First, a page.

UCF coach George O'Leary laughs during the coaches versus players softball game. (Jon Busdeker, Orlando Sentinel / April 17, 2014)
University of Central Florida football players faced the UCF coaching staff in their annual softball game. The tradition goes back more than 10 years.
UCF’s freshmen pulled off a shocker on Thursday, downing all three upperclass teams en route to a 14-12 championship game win over the Knights’ coaching staff in the football team’s annual softball tournament.
Linebacker Chequan Burkett was the unofficial most valuable player, slugging three 3-run home runs over the course of the tournament. Walk-on Michael Colubiale added a grand slam and showed a solid glove at shortstop in the championship game against the coaches.
The freshmen took a commanding 14-0 lead through their at-bats – players are given just one swing each – but the coaches clawed back. The UCF staff opened with back-to-back jacks and a three-run bomb from assistant head coach Brent Key closed the gap within 14-11.
Knights’ coach George O’Leary stung an RBI single through the left side of the infield, but Key’s final at-bat was snagged out of the air by an unbelievable bare-handed grab from freshman walk-on Jamari Fye.
The coaches had only lost one game in the past 10 years, Key said.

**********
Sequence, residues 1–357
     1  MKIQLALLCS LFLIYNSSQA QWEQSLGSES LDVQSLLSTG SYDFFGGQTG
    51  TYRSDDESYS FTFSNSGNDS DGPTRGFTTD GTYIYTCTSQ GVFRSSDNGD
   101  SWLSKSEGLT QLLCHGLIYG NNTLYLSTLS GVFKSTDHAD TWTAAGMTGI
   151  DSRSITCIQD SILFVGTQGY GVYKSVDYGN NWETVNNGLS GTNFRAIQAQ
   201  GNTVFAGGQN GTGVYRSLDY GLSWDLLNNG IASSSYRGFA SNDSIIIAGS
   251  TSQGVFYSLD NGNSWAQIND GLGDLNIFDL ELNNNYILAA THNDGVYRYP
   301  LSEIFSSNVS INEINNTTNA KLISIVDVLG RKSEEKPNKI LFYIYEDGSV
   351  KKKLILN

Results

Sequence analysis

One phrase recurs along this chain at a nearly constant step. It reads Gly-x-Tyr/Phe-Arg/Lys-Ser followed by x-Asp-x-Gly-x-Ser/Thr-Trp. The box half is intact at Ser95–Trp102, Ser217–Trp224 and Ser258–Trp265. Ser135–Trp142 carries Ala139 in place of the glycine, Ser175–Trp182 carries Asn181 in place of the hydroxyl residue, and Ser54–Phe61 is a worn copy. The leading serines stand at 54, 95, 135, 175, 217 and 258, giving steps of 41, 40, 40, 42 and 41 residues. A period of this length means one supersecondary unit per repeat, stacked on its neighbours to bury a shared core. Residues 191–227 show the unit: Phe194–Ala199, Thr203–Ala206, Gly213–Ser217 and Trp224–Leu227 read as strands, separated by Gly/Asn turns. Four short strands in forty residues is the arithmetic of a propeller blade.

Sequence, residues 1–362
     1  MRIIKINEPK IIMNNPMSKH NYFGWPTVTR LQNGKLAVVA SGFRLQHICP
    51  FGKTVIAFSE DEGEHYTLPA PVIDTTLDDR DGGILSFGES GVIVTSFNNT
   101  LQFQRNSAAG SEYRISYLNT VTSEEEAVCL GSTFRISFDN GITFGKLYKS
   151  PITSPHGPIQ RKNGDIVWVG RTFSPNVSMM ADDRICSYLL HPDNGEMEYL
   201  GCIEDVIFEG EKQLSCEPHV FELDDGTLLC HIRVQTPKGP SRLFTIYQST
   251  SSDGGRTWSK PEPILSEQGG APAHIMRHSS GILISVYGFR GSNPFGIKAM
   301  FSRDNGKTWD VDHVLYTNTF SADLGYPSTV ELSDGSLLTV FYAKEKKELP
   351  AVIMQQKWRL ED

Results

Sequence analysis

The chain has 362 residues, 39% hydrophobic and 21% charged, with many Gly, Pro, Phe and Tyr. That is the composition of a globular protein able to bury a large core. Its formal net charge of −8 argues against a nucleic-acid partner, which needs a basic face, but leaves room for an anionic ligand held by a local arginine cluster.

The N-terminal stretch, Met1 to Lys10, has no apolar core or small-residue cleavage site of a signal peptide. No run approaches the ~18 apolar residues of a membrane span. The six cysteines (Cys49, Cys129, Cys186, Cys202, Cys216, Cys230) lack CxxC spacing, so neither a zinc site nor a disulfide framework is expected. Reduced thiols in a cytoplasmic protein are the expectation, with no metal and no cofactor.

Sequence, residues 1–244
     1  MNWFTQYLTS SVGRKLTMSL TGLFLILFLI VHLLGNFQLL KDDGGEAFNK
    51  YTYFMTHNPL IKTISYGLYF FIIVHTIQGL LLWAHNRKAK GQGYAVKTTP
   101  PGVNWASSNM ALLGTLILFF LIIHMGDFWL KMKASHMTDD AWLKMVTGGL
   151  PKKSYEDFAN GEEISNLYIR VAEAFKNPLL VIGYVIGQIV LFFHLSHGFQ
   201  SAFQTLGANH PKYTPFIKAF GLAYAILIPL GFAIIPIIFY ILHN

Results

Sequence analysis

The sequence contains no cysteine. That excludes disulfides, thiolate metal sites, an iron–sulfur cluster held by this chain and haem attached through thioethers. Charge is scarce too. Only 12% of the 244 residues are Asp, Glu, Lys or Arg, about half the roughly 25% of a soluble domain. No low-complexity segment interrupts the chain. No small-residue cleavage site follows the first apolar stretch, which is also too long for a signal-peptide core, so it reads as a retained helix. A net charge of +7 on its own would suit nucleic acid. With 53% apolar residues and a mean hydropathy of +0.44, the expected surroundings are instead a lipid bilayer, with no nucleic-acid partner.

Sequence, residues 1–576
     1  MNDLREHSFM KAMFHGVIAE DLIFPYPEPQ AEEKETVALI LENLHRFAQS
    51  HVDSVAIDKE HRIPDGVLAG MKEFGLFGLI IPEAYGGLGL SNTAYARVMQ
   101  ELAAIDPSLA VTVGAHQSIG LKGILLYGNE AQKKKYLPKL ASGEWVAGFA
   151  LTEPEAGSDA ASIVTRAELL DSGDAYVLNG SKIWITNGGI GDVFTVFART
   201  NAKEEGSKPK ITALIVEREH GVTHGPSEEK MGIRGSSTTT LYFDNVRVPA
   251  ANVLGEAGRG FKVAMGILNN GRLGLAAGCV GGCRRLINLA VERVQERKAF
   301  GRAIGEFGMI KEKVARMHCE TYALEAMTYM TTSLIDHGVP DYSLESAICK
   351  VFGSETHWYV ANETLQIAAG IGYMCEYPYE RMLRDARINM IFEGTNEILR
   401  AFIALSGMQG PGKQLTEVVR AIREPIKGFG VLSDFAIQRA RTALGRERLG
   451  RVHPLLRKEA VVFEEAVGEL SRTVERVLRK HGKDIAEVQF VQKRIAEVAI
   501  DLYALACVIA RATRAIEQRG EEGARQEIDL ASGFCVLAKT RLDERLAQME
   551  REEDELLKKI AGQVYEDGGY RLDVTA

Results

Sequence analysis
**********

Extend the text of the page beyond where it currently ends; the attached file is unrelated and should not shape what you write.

There were some ghastly swings on display throughout the course of the day. Offensive lineman Micah Anderson had to be taught to hold a bat, while some of the Knights’ top athletes struggled with the simplest baseball movements.
Redshirt freshman Shaquem Griffin, whose left hand was surgically removed at the age of four due to complications from a rare condition called Amniotic Band Syndrome, showed off his Jim Abbott-like instincts, catching a ball in the outfield, then ripping the glove off to make the throw to second base.
There was plenty to love about Burkett’s at-bats.
Burkett started the day with a home run that dropped in over the batter’s eye in straightaway center field and his next effort cleared the 20-feet tall scoreboard in right field. The last home run, though, was the best. Burkett destroyed a pitch against the coaches, with the ball sailing yards over the scoreboard and landing well beyond the fence.